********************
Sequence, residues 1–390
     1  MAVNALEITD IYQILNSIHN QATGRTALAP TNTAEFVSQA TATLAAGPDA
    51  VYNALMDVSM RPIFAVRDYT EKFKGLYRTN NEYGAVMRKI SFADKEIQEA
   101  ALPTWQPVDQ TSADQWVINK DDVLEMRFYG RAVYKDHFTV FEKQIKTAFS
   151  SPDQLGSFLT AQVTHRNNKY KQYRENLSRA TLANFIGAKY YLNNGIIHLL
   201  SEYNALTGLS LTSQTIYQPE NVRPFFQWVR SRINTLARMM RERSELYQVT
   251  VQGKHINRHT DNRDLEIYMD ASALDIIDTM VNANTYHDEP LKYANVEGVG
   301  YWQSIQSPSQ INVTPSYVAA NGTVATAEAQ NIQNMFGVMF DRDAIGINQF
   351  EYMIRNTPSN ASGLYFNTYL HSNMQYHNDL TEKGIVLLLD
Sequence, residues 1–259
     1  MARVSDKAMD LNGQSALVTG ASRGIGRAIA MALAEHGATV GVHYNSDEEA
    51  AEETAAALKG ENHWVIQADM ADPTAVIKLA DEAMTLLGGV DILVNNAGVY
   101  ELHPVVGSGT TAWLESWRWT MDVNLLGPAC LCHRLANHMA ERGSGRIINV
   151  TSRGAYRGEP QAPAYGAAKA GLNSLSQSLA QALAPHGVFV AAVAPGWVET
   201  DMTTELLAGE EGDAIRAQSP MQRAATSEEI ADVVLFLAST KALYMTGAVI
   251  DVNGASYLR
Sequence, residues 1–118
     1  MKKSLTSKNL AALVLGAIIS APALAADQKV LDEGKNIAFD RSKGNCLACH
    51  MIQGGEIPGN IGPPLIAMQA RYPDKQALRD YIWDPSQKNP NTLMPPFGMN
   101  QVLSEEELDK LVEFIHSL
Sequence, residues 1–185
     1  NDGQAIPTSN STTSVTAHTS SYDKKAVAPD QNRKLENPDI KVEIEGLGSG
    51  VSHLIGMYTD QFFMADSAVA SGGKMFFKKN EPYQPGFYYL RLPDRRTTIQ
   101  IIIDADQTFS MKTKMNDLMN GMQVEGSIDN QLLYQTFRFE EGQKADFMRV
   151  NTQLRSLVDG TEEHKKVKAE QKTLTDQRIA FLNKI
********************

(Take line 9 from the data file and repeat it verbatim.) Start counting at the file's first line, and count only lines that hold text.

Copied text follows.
   351  EYMIRNTPSN ASGLYFNTYL HSNMQYHNDL TEKGIVLLLD